When you’re in the mixdown process it may sometimes be necessary to replace a sample, i.e. replacing a live snare with a synthesized one, or even an entire drum take.
Here is how you can do it quickly and easily:
1. In Logic Pro, select the audio track with the drum recording.
2. Choose Track > Replace or Double Drum Track (or use the corresponding key command). The following changes take place in the Tracks area:
- All files on the selected audio track are analyzed for transients (if they have not been previously analyzed). The selected track is vertically zoomed.
- A software instrument track is created below the audio track, and the Sampler instrument is inserted into the Instrument slot.
- The Library opens with the Sampler instrument selected so that you can choose the sound that best matches the project.
- A MIDI region containing trigger notes based on the detected transients is created on the software instrument track.
- The Drum Replacement/Doubling dialog opens.
3. In the Drum Replacement/Doubling dialog, set the following parameters:
- Instrument pop-up menu: Choose the drum sound you want to replace or double (Kick, Snare, Tom, or other).
- Mode buttons: Choose one of the following modes:
- Replacement: The new sound replaces the original, and all regions on the original track are muted.
- Doubling: The new sound is added to the original (the original sound is not muted).
- Relative Threshold slider: Set the threshold value for transients, above which trigger notes are generated.
- Preview button: Click to start playback of both the original (audio) and replacement (software instrument) track from the current playhead position. The two tracks are soloed, so all other tracks in the project are silent. You may want to set the playhead or activate the cycle area to preview a part of the project requiring special attention for drum replacement. Click Preview again to stop playback, return the playhead to the previous play position, and un-solo the two tracks.
- Trigger Note pop-up menu: Set the pitch of the trigger notes created on the software instrument track. Choosing AUTO (the default setting) sets the trigger note as follows:
- Kick = C1 (36)
- Snare = D1 (38)
- Tom = A1 (45)
- other = C3 (60) and AUTO menu not available, as there is no automatic choice for this setting. Note: Any changes to the trigger note do not change the instrument setting. However, any changes to the instrument setting change the trigger note, either to Auto or C3 (60).
- Timing Offset slider: Shift the position of trigger notes earlier (negative values) or later (positive values). The offset should normally be set to 0.0 ms (which places the MIDI trigger notes exactly at transient timing positions), but may need to be adjusted when using your own, or third-party, instruments.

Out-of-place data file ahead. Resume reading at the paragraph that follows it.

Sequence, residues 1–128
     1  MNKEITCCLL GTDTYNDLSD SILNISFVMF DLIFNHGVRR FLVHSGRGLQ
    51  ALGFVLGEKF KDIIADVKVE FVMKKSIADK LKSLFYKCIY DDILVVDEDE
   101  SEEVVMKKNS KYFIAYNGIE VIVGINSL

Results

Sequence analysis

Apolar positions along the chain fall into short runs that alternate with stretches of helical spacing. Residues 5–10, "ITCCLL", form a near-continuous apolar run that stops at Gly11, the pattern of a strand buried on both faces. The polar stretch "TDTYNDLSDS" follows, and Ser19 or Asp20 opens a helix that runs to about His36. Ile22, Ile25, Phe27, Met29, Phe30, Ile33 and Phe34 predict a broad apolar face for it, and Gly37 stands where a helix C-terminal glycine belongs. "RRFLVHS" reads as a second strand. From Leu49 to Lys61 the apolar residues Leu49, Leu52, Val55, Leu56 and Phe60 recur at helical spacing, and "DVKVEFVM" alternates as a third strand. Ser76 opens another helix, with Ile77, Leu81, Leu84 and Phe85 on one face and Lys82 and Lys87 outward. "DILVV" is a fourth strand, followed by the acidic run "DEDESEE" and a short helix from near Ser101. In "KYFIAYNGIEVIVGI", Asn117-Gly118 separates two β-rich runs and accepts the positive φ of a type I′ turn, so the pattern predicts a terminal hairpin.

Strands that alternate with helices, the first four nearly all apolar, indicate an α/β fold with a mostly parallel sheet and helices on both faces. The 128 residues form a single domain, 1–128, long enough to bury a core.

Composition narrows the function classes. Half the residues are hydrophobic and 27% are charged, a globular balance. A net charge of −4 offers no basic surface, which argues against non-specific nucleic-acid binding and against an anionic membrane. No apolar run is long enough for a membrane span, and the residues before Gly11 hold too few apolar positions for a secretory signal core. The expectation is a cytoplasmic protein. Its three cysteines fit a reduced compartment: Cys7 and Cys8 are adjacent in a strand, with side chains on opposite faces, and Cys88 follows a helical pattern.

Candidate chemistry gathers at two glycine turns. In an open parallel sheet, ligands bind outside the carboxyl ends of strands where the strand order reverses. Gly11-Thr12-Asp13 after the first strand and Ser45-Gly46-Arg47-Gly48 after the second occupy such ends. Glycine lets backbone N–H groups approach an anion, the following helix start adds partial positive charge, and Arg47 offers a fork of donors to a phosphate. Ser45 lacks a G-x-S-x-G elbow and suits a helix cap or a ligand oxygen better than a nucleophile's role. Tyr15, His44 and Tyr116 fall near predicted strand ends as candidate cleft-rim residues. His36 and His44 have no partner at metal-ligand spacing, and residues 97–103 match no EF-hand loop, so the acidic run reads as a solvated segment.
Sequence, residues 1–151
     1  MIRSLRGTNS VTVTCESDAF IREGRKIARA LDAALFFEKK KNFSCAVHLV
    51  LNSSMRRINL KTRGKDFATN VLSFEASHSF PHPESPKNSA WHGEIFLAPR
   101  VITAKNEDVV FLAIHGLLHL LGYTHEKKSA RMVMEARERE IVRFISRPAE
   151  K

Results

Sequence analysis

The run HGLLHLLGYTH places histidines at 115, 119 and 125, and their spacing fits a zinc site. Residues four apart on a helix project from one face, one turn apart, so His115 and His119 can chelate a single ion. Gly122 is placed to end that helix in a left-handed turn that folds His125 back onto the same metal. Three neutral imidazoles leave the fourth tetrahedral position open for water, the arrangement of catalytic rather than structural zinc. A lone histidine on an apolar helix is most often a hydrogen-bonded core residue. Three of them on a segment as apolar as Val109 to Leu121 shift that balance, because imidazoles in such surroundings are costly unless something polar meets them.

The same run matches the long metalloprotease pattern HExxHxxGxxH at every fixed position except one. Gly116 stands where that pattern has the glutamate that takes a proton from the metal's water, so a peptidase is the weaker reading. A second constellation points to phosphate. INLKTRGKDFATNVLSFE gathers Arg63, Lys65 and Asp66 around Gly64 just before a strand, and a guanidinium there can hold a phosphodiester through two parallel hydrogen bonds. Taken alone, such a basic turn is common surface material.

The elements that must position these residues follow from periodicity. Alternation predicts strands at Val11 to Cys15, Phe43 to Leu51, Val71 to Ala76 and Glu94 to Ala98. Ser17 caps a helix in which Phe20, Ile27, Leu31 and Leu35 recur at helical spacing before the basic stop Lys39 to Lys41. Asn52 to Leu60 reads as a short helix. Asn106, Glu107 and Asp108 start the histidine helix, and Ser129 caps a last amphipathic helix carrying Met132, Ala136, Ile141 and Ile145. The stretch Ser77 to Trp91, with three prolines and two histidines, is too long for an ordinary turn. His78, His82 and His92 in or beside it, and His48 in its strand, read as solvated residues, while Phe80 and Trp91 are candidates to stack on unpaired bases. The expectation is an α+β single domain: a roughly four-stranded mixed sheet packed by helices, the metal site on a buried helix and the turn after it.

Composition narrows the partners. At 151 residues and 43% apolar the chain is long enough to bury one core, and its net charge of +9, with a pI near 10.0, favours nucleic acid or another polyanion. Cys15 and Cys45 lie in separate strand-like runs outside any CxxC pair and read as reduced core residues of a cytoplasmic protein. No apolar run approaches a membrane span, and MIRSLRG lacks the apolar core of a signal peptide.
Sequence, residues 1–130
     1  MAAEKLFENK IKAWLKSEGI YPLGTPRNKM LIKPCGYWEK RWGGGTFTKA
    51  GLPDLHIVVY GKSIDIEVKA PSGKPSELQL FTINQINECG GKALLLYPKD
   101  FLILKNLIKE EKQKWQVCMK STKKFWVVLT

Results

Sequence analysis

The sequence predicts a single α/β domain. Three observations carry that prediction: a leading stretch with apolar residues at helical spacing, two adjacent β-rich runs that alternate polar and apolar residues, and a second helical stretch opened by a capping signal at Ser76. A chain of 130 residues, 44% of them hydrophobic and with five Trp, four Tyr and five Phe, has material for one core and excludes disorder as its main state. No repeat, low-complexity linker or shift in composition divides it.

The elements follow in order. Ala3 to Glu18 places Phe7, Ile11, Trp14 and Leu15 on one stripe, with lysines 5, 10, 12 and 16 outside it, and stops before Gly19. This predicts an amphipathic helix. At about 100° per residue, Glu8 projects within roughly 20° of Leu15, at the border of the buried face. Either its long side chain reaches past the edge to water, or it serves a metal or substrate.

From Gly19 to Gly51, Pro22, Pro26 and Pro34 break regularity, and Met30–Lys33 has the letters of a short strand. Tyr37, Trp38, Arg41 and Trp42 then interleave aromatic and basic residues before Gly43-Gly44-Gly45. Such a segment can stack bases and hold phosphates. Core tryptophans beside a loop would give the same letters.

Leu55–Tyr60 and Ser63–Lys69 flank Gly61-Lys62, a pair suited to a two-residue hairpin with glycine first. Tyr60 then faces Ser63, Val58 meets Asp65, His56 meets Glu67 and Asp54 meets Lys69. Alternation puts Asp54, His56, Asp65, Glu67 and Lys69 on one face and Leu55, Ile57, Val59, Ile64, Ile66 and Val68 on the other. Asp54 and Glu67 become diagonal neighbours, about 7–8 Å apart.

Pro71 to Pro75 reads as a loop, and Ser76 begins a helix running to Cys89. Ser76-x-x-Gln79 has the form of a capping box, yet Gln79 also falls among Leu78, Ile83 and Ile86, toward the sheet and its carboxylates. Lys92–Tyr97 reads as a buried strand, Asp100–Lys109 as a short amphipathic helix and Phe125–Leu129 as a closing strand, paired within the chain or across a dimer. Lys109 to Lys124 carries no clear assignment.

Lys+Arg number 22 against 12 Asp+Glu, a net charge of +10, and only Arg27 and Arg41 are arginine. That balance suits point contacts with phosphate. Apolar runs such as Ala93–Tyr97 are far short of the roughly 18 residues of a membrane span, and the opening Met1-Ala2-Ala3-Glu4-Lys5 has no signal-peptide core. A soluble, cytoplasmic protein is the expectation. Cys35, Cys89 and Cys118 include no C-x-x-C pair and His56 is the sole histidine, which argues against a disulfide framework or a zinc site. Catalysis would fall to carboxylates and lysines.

- “Set average attack time” button: Set the average offset of all regions on the source audio track.
- Click OK to confirm the action. Clicking OK resets the vertical zoom of the original audio track mutes its regions if you selected the Replacement option, and deselects the track. MIDI trigger notes for the Sampler instrument are created on the software instrument track, and the track is selected.
8. Copy and paste channel strip settings
Whilst we have already covered a good amount of mixing workflow enhancers, Logic doesn’t stop there.
Do you ever find yourself copying and pasting the same channel strip settings over to a different track? or setting up the same send assignments and it feels like you’ve already done it a thousand times in the same session?
Well in the latest version of Logic you can copy and paste channel strip settings from one track to the other all at once.
All you have to do is go to settings at the top of the track that you want to copy and select Copy Channel Strip Setting.
Then head over to the channel you want to paste the settings onto, select settings again, and hit Paste Channel Strip Setting.
Logic has 3 different options for pasting Channel Strip Settings:
- Paste Channel Strip Setting – which pastes all aspects of the previously copied Channel Strip (fader, level, panning, plug-ins and send assignments)
- Paste Plug-ins Only – which pastes the entire plug-in chain only of the previously copied Channel Strip
- Paste Sends Only – which pastes the Send assignments and levels only of the previously copied Channel Strip
Whilst pasting all of your Channel Strip Settings is helpful, there maybe some instances where you only want to paste Plugins or Sends, so familiarising yourself with these options is a must.
9. Quick swipe comping
If you don’t already know that this feature exists I forgive you, it took me a while to figure it out, quick swipe comping is a feature that allows you to quickly create comps with ease.
Imagine a situation where you have a lot of takes but you want to use different parts from each one, comping is an easy way to select the takes that you want to play back to see how they sound together before you make any final edits.
In Logic Pro, do one of the following:
Click the Quick Swipe Comping button in the upper-left corner of the take folder.
Choose Quick Swipe Comping from the Take Folder pop-up menu.
10. Use Distortion to Add Tube Warmth to Your Bass
When most people think of distortion they think of a gritty dirty sound. Using distortion in a more subtle way, however, can add vibe and analog warmth to your bass sounds.
When used on a bus/send you can use the send knob to extend the depth without affecting the original sound. Use an available bus and add the Overdrive effect to its auxiliary track. Try a setting close to the one in the image below, then slowly add as much extension as you need by turning up the send knob.